From the table above, there is no statistical difference in the retention level of students taught algebra using Mayer’s problem solving instructional model with visual representation either immediately after the treatment or in a later date since t(78)=-0.961, p>0.05.
Variable | N | Mean | SD |
CTRLKTAPOST | 40.00 | 41.63 | 5.59 |
RETCTRLKTA | 40.00 | 34 | 5.21 |
The table above shows an insignificant mean difference of 7.63 which shows that there is statistical difference in the retention level of students taught algebra using conventional method either immediately after the treatment or in a later date.
Variable | N | Mean | SD | t | df | Sig. |
CTRLKTAPOST – RETCTRLKTA | 40.00 | 7.625 | 4.53 | 10.652 | 39 | 0 |
From the table above, there is statistical difference in the retention level of students taught algebra using conventional method either immediately after the treatment or in a later date since t(78)=10.652, p<0.05.
Hypothesis Four: There is no statistical difference in the retention levels of male and female students of post – post-test taught algebra using Mayer’s problem solving instructional model with visual representation.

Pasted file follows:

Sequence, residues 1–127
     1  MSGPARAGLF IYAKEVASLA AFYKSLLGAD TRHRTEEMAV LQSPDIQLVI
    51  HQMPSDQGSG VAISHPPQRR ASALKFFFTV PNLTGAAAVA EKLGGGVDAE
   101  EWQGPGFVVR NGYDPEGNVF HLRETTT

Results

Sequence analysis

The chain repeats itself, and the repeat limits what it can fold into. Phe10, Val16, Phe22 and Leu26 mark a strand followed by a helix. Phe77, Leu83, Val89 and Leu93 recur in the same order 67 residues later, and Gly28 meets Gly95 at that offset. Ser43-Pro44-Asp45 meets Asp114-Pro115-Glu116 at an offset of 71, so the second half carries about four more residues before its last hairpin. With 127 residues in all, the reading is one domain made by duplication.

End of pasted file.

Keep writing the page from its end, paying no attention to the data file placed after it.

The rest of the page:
Dependent Variable: EXPKTAPOSTPOST
Gender | Mean | SD | N |
Female | 83.25 | 7.304 | 20.00 |
Male | 81.75 | 6.129 | 20.00 |
The mean retention difference between academic performance of male and female senior secondary school students of post – post-test taught algebra using Mayer’s problem solving model with visual representation is 1.5 which is a low difference. This shows that is no statistical difference in the retention levels of male and female students of post – post-test taught algebra using Mayer’s problem solving instructional model with visual representation.
Dependent Variable: EXPKTAPOSTPOST
Source | Sum of Squares | df | Mean Square | F | Sig. |
EXPSEXKTA | 29.42 | 1 | 29.42 | 0.654 | 0.424 |
From the table above, the results indicated that there is no statistical difference between the retention level of the female and male for the experimental group since F(1,77) = 0.654, p > 0.05 The Bonferroni adjustment for multiple comparisons also testifies to the 1.722 insignificant mean difference in favour of the male.
(I) GROUP | (J) GROUP | Mean Diff. (I-J) | Std. Error | Sig. |
FEMALE | MALE | 1.722 | 2.13 | 0.424 |
MALE | FEMALE | -1.722 | 2.13 | 0.424 |
Hypothesis one: There is no statistical difference between the academic performance in algebra of senior secondary school students taught with Mayer’s problem solving instructional model with visual representation and those taught with conventional teaching method.
Dependent Variable: KTNPOST
Variable | N | Mean | SD |
EXPTKTN | 40.00 | 69.38 | 10.08 |
CRTLKTN | 40 | 44.88 | 8.879 |